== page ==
2. Humans are better at ranking decisions than at absolute comparisons. It is far better to have a few instances for people to compare against, than to try to construct a scale that everyone agrees on. For instance, you might think that on a scale of 1 to 10, a 10 means "in the top 10%", but someone else might never give a 10, because to her, a 10 means "perfect", and nothing is ever perfect. But given a list of examples, it's probably easier for two people to agree that X is a better engineer than Y, who is in turn better than Z.
  3. When it comes to group decisions, ensure that there is independence between people who are assessing the decision. Rather than doing a round-table discussion, make everyone write down what their assessment, and show aggregate/anonymized sentiment charts before starting the discussion. This will allow contrarian folks to see that the "groupthink" sentiment might not be as dominant as it seems from a purely verbal discussion, and prevents corrupting later speakers with the opinions of the early speakers.
  4. When you don't have a group to make a decision, take advantage of the inconsistency of your own judgement by separating the facets and making assessments at different times, writing them down, and integrating your judgement on different days. This gives you a chance to average out the noise in your judgement.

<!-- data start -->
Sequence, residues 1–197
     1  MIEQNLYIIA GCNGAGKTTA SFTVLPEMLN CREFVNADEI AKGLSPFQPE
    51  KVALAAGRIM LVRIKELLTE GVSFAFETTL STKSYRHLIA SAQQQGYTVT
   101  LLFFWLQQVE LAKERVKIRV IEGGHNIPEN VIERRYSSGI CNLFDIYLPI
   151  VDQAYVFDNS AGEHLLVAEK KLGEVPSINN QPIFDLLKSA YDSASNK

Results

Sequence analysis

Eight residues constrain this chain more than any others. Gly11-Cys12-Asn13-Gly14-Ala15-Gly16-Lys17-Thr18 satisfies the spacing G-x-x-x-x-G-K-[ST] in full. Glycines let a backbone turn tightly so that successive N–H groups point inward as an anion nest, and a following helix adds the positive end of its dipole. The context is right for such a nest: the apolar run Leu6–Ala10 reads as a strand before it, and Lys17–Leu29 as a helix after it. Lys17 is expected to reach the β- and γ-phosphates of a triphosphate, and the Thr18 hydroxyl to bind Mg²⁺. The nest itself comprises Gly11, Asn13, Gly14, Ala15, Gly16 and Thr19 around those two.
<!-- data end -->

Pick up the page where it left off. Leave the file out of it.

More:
5. Appoint a bias observer with a checklist to look for fallacies in decision making. (There's a sample checklist in the book)
  6. Treat a one-time decision as though it's a recurring decision that's made once. It's worth the effort to break it down and structure it as though it's going to happen again.
  7. When picking a team to make decisions, it's better to pick a team with a diverse set of skills than to rank order who are great decision makers and just pick the top N.
Did I just summarize the book so you don't have to read it? No. Much of the book discusses the complexity involved in the above rules. For instance, in rule 2, they discuss: